My answer? It’s better to be a Jack of all trades! I believe that an extreme of anything is unhealthy and that when it comes to heroes I like mine to be versatile. Decathletes are the real deal in my opinion. So when you are considering how you should train there is a definite hierarchy on how to build it and also an ‘end game’ approach, to then maintain this thing for life. First things first. You need to have a good base (and then maintain that because you will find that you can’t really store any of this unfortunately. There is no resting on your laurels Jack!) and Pilates or Yoga is a good place to start. After this you need to consider two things, building strength on your Pilates base which prepares you for power and then building a fitness base in way that prepares you for being fast. Here is a great article that talks about the three different energy systems that need to be trained in some way to achieve this. The good news? Training will NEVER be boring. If it currently is, then you need to mix it up and include something from each system. Pretend you are training for a decathlon! It will help you in ways that you may not yet be aware. Learn about the ATP-PC system that will help you sprint to make the bus in the morning, find out more about the GLYCOLYTIC system that will enable you to run hard to the florist which is 400-600 metres away from where […]
This photo captures the importance of core strength when it comes to excellence in performance. Imagine how hard it is to sprint at maximum speed across a tennis court and then slow down in time to set the legs and the rest of the body and importantly the head, to then swing a racquet and make perfect contact. That is a strong core in action. Check out this article for a great description of exactly what the core is, how to train it and importantly, why training it is vital for some many things in life including dealing with back pain.
I don’t want to sound repetitive but sometimes you have to be in order to cut through. If I see another person reading a book whilst ‘working out’ on a bike or casually watching TV with make up perfect and not a drop of sweat in sight……. Read this to understand how interval training works and should be done, from world expert Mike Boyle. You might not like it I can tell you (Jack Nicholson may have been right in a ‘Few good men’) but believe me, it is better you know than waste years of going no where on a slow treadmill, whilst watching re-runs of ‘Friends’ on the plasma at your local gym.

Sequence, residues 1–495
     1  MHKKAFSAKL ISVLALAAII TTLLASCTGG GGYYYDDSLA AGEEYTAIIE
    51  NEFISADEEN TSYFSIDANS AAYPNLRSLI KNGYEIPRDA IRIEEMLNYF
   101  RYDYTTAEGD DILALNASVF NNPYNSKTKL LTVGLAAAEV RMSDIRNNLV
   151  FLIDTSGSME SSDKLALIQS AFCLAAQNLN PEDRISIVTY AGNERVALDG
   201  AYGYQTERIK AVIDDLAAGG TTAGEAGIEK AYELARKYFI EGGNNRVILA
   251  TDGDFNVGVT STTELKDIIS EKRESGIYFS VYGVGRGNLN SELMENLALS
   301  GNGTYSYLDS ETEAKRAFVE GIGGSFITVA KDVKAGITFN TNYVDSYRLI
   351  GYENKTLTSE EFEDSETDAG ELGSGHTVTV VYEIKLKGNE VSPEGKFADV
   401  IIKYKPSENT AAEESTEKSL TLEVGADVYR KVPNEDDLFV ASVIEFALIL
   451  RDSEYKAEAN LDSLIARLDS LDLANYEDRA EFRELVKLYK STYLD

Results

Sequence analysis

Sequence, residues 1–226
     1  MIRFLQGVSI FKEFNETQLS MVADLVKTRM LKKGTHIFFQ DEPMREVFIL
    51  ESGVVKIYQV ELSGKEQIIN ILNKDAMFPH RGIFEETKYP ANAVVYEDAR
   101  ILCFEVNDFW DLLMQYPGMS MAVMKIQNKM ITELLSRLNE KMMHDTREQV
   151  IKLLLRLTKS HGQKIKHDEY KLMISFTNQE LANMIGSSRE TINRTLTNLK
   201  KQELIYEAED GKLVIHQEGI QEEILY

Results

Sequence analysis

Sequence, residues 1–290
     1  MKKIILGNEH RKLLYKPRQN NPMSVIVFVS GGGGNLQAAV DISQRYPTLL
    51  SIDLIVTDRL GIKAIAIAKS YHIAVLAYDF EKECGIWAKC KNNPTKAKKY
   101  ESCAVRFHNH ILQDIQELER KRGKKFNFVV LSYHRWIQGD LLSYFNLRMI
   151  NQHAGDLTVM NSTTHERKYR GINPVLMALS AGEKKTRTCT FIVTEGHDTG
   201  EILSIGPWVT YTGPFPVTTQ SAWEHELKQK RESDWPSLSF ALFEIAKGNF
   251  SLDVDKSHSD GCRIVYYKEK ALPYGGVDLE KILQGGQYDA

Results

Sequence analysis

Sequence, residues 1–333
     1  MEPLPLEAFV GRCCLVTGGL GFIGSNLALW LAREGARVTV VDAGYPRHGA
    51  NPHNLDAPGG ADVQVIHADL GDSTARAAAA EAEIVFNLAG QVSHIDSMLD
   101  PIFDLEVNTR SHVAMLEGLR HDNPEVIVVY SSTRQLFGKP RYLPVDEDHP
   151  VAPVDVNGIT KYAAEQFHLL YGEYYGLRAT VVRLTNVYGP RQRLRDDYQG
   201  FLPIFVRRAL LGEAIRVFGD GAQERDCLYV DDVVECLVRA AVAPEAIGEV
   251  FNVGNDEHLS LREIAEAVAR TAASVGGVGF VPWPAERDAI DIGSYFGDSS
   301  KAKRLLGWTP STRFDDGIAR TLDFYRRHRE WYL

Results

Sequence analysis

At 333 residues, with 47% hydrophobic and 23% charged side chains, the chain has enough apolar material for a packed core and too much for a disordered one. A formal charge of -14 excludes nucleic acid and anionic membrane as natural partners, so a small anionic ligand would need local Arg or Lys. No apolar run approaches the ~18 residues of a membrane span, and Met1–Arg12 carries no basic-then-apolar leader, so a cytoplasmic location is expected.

Here is a great breakfast eating option alternative to our cultural favourite – highly refined rubbish with athletes on the packet (yes it does taste good, sweet always does and those athletes do look inspiring!). There are some other great recipe ideas for other meal times from these guys too. Check it out!
It is funny how we can see what we want to see or even forget critical elements of a particular set of events or even our own behaviour. It is well known in nutrition research that an individual’s memory is a very poor and unreliable reporting mechanism for calories consumed in a day. Now I don’t think we necessarily lie to ourselves on purpose but there is something in our brains that shuts out potentially relevant ‘bits’ of data. Police prosecutors see this phenomena in action from the incredible discrepancies between eye witness accounts of the same crime. I think we all have blind spots or ‘ways of thinking’ that create shortcuts, that ease the burden of processing every little thing in our world. We often then bend and twist things to fit nicely in to our own pre existing perceptions. Needless to say, the way we see the world is not always the way it is. It is merely a ‘version’ and the sooner we realise that, the sooner we have a chance to make progress on things we thought we couldn’t. I think this tendency to under analyse ties in with Einsteins view that we only use a small percentage of our brains and therefore have a lot of untapped potential. Well this weeks post is about opening our eyes and seeing things for how they are, not as we would like them to be. As coaches we aim to help people change and over come barriers. The only way for us to do this is to look […]